Reaching out as the floor falls away
Fingertips grazing the edge of oblivion
Shrouded in darkness, I scream.

Infinite drop below my falling body

I take a deep breath and I am saved
Lifted by rough hands, a faceless memory
Of you here with me.


One Year

I’m going to try my best not to cry today. My stomach is in knots though and I want to vomit. It’s been a year since he passed away. A year since my family and I surrounded my dad in that dreary NHS hospital room and filled it with as much love as we possibly could as we said goodbye. 

I wouldn’t say I have a photographic memory, but I can recall every detail of that room, every minute that ticked by and most importantly, every millimeter of his face. I can feel his skin on my fingertips still. I can hear every sound that echoed through that tiny room, including the sounds of crying and near silent prayers passing each persons lips, begging for the situation to do a 180, for reality to shift a different direction.

I will try not to cry today. I will try to laugh with the kids, to hold them tighter, to hold Curtis tighter and remind them all for the millionth time that I love them. I will send my love the best I can across the many miles to my family. It won’t stop their tears from falling, but it may just stop mine.


On this day

On this day last year, my sister, her boyfriend, my mom and my dad, came to visit us for three weeks. At the time we didn’t know just how sick my dad was. We thought the sickness he was experiencing was a reoccurring chest infection that the doctors had been telling him he had for over a year, treating it with antibiotics and a nebulizer. They almost didn’t make the trip at this time, they were going to come in March… But that would have been too late.

They spent three weeks with us, we did a lot of mundane things, we hung around the house, but we also did some exploring, seeing Yosemite, Old Town Clovis and Sac, Avila Beach and San Francisco before they went home.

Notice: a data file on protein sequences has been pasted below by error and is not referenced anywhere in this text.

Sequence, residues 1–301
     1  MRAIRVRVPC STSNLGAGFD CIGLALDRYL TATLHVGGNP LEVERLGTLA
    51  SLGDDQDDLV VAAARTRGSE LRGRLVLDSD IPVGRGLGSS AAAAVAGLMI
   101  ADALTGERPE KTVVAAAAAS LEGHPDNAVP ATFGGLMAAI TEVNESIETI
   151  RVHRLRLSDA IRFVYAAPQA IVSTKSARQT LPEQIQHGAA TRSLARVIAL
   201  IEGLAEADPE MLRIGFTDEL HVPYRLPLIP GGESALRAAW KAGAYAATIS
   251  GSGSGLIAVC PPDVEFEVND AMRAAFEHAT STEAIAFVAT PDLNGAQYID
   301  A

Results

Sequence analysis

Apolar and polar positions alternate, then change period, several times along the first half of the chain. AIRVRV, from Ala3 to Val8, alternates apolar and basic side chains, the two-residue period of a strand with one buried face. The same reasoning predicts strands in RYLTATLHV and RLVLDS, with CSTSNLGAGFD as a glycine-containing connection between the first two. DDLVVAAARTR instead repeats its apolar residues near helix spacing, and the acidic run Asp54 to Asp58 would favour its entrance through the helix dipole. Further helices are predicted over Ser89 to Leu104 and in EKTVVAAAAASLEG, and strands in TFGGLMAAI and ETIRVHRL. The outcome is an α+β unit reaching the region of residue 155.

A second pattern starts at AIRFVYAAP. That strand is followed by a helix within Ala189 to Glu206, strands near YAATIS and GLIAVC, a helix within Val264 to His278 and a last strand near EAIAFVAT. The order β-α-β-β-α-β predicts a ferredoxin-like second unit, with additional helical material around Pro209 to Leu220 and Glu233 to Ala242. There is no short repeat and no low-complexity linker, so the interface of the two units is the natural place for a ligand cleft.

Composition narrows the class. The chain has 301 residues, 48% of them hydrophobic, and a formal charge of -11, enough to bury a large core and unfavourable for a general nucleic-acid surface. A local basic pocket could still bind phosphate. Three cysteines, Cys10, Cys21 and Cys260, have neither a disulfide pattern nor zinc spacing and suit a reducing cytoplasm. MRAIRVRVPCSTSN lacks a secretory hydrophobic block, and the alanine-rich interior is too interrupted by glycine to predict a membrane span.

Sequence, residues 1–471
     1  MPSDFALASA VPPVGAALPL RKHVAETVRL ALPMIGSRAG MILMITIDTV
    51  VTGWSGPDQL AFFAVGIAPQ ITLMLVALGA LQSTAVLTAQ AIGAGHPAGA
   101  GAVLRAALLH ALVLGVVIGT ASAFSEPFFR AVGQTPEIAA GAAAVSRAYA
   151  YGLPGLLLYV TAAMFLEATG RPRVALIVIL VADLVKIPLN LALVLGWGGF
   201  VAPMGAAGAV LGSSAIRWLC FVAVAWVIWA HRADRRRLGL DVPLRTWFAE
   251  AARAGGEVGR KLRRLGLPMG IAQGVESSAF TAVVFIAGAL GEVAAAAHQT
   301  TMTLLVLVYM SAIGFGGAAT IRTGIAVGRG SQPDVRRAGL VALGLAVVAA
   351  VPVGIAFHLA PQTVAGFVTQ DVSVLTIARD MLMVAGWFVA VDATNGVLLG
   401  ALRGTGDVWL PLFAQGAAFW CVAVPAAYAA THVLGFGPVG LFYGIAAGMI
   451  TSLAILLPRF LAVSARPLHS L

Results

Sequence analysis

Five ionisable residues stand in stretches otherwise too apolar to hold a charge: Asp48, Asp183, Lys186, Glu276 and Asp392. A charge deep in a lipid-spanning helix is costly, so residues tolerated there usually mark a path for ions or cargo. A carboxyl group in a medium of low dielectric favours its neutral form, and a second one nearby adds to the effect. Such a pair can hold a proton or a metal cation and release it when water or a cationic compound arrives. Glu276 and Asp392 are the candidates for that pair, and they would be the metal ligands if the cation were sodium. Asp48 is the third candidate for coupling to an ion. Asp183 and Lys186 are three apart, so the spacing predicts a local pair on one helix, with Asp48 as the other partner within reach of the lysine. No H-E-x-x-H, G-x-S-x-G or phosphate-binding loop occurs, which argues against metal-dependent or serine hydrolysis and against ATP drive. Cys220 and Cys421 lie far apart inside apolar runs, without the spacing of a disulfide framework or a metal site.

I’m so grateful that they made the trip, that dad had the opportunity to see the kids and that we had time together as a family before everything shattered just 18 days after his diagnosis. I try so hard not to go to that dark place when I think of him. I try not to dwell on those last days, but to savor the laughs, the joy and the sweetest memories.

I’m glad that Calvin remembers him, that he says often that he misses his papa, and shows Mia photos of him. He’s three and death is a big concept for such a little person. 

Family is the most important thing to me. My little unit of four, my parents, my siblings… These are the people who make me, me. 



I don’t know know why this popped into my head tonight, but I started thinking about my first job. During school, my “job” was to get good grades, I wasn’t paid for it of course, but it did get me into University eventually, so that’s something! My first real job though, was bar tending. And perhaps I was destined to begin there, after all, my dad ran pubs before I was born and I was conceived in a pub… Yep, I’ll just leave that ounce of detail at that. 

I loved my first job, for two years I tended bar in a tiny old mans pub, with regular customers, real ale on hand pulls and the deaf dog of the landlord, at my feet. I knew the patrons orders by memory, I knew their families, their histories and in that short time, sadly I saw some of their demise as well.

I quit that job when I was almost finished with University and had decided to spend 3 months in America with Curtis. From there I worked in two more pubs, neither of which had the same charm as that tiny pub I began in, with its beautifully manicured flower pots, rich wooden bat top, outdated “smoking room” and a history that gave me goosebumps whenever I went down into the cellar.

That pub is boarded up now, my boss and his wife retired, a Londoner took over and was unsuccessful, the economy took a steep drop and well, it’s a protected property at over 100 years old, but goodness knows if it will ever see years of patronage again.

The Pyle Cock Inn, Wednesfield, England